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The threat of elimination


Lots of goals, lots of drama on and off the pitch, but very little expectation. That’s whats been happening so far in the World Cup. England never posed enough of a threat to their opposition. But there are other threats in Brazil that need addressing if we’re ever to keep hold of the varied, the beautiful, the vital Amazon.

Before we talk more about the Amazon, lets find out what else blog manager Duncan Mizen asked ex-England and Chelsea footballer – and WWF Ambassador – Graeme Le Saux about the World Cup, from his back garden.

What are your favourite World Cup moments as a player?

Graeme: I think qualifying for the 1998 World Cup was a huge achievement for us as a country because we’d lost to Italy funnily enough at Wembley and I’d just recovered from a long term injury and my first game back was for England against Italy in the World Cup qualifiers when we lost 1-0, and a good mate of mine Gianfranco Zola scored so that was not great and it meant that by the end of the campaign we needed to go to Rome and play Italy and get a draw in order to qualify for France ’98 and whoever came second in that group then had to go and play in a play-off against Russia. So it was going to be a tough, tough game for the losers to then qualify.

So we got the draw and we played really well but it was a 0-0 draw but it was an incredible game because it was really tense and we had to pull together as a team and we played every so well against a very good Italian side.

Graeme Le Saux battles for the ball against Colombia. World Cup 98, France © Getty ImagesGraeme Le Saux battles for the ball against Colombia. World Cup 98, France © Getty Images

So that I suppose would be one memory, the route to the World Cup, and then playing in all of those games. We played very well in our first game, didn’t do so well in our second game, and then played well in our third match, and then we were drawn against Argentina because we finished second in our group, and that was an incredible game as well because it had everything in it; there was drama as it went to penalties, Michael Owen’s goal. We were right on the edge of our limits really. And obviously we had the Beckham sending off as well. So it was a pretty fun-packed game. And the result was we lost on penalties, so it was devastating as well.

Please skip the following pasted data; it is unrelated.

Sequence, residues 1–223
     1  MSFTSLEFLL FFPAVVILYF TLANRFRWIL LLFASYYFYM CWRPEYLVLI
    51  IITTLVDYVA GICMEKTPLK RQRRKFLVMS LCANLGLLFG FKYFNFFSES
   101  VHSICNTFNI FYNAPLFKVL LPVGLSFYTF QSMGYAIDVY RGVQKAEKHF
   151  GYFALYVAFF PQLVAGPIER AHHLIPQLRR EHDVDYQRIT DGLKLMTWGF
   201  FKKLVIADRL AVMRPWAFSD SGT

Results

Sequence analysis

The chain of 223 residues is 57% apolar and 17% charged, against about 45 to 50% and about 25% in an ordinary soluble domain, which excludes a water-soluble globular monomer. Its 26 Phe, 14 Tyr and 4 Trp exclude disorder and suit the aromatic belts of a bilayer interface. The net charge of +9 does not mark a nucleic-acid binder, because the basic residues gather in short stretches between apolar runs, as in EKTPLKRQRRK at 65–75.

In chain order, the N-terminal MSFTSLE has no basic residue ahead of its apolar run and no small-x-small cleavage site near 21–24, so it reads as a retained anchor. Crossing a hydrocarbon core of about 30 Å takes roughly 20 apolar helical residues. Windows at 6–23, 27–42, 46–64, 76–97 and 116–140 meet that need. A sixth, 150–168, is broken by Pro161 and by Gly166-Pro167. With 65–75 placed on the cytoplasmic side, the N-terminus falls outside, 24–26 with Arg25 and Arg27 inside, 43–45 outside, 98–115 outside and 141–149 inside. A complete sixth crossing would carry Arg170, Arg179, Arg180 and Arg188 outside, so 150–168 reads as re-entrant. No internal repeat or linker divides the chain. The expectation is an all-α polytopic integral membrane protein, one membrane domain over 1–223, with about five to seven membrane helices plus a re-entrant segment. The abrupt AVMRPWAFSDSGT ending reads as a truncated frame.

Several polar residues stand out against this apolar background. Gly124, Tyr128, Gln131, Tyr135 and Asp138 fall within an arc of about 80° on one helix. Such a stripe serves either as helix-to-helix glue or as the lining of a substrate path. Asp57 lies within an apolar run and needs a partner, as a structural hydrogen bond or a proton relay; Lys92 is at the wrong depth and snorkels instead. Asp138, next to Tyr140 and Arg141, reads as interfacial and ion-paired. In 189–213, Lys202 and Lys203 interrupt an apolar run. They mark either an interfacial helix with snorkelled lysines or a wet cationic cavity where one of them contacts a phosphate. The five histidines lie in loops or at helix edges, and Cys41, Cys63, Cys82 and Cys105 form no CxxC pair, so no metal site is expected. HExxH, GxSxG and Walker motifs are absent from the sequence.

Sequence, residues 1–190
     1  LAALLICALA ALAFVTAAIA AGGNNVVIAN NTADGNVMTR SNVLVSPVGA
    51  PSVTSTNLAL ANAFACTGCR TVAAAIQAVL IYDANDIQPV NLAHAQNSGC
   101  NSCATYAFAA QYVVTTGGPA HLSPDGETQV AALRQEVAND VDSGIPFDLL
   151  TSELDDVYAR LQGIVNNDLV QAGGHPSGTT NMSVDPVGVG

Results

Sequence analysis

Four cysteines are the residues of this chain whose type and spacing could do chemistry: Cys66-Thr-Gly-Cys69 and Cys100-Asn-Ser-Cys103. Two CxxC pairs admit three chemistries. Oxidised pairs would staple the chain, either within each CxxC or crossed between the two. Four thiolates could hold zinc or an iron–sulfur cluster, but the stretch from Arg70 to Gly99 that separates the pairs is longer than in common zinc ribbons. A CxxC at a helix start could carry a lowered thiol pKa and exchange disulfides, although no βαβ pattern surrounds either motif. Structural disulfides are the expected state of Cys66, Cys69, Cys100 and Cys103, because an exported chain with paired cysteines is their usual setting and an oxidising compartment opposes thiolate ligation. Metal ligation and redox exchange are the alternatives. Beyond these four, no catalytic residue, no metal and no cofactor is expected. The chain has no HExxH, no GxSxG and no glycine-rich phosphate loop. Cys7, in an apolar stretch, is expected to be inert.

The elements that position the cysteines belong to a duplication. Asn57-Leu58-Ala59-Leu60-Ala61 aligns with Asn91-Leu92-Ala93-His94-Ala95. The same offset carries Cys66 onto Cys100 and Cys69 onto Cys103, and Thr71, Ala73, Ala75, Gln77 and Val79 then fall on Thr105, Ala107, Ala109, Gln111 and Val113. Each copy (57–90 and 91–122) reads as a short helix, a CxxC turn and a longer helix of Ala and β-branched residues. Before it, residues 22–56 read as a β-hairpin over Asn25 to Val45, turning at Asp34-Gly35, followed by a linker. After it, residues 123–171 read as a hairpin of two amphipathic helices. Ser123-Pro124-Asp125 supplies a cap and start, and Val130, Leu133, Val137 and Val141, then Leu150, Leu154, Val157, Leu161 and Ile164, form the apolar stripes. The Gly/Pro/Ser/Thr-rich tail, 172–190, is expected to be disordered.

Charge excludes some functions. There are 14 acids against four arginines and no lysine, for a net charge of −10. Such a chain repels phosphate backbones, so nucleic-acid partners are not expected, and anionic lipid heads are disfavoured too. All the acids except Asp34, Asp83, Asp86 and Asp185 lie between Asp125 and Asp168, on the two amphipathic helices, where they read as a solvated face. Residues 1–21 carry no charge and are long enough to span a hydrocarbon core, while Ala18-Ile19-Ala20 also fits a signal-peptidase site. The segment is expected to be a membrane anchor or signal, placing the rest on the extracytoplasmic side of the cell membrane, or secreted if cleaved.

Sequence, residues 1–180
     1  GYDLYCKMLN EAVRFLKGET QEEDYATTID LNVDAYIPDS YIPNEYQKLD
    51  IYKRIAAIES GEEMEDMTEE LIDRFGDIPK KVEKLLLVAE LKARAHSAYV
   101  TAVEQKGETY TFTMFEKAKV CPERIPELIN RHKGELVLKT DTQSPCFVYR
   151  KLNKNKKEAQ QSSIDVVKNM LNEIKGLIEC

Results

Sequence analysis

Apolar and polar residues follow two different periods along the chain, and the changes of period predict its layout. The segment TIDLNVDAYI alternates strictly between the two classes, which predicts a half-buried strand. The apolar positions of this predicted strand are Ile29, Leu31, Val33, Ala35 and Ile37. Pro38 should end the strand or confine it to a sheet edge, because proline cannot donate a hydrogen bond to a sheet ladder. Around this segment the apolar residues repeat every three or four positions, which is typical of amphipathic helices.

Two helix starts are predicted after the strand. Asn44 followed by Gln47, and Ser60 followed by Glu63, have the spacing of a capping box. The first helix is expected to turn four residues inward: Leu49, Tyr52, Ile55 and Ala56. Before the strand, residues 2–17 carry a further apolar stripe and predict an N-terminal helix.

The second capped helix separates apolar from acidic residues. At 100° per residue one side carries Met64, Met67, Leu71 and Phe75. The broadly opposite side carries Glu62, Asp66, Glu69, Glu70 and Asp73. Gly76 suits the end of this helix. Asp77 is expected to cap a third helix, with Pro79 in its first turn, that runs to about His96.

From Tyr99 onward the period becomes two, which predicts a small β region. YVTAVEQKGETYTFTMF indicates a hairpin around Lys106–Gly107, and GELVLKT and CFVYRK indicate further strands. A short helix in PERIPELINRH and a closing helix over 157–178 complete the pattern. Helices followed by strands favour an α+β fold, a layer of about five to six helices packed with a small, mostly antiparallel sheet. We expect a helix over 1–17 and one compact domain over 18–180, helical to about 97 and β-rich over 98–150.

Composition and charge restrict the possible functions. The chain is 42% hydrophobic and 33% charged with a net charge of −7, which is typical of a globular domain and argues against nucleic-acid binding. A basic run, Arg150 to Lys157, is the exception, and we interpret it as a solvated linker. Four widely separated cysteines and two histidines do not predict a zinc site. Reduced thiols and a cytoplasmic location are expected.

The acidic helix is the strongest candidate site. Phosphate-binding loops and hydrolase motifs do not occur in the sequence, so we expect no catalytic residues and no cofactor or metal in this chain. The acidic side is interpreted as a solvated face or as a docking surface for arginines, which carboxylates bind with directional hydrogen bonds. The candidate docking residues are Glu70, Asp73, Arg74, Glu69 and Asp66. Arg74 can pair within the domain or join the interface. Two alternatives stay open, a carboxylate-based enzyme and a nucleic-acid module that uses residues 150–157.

But, it was all part of an incredible experience from a professional point of view, as it’s something you’ll always cherish because you’re competing on a world stage against one of the best footballing nations in the world. It was great to be a part of it but a shame we wouldn’t overcome them and get through to the latter stages. It makes you realise though how difficult it is to win a World Cup. There were certain countries that have a certain set of beliefs that they really feel they should be there and they’ve got the system, process, confidence and ability to win quite regularly.

Brazil itself is a country with a huge World Cup pedigree, so they’ll be going into this tournament thinking: ‘we’ve got to win this for the people and we’re capable of doing it.’

Who’s the best England left back of all time?

Graeme: Well it’s obvious isn’t it?! (jokes)….it’s Ashley Cole! (laughs). If you think how many World Cups he’s played in, he’s got 107 caps, and he’s been the most consistent England left back of all time. Given how often he gets forward though, I’ve always questioned his creativity and final ball. I don’t think he’s ever returned as much with assists and goals as he should have, and possibly as someone like Leighton Baines has in his short tenure so far as first choice left back, but Ashley wins the record for his athleticism, as well as his consistency and length of service, which is testament to his ability in that position.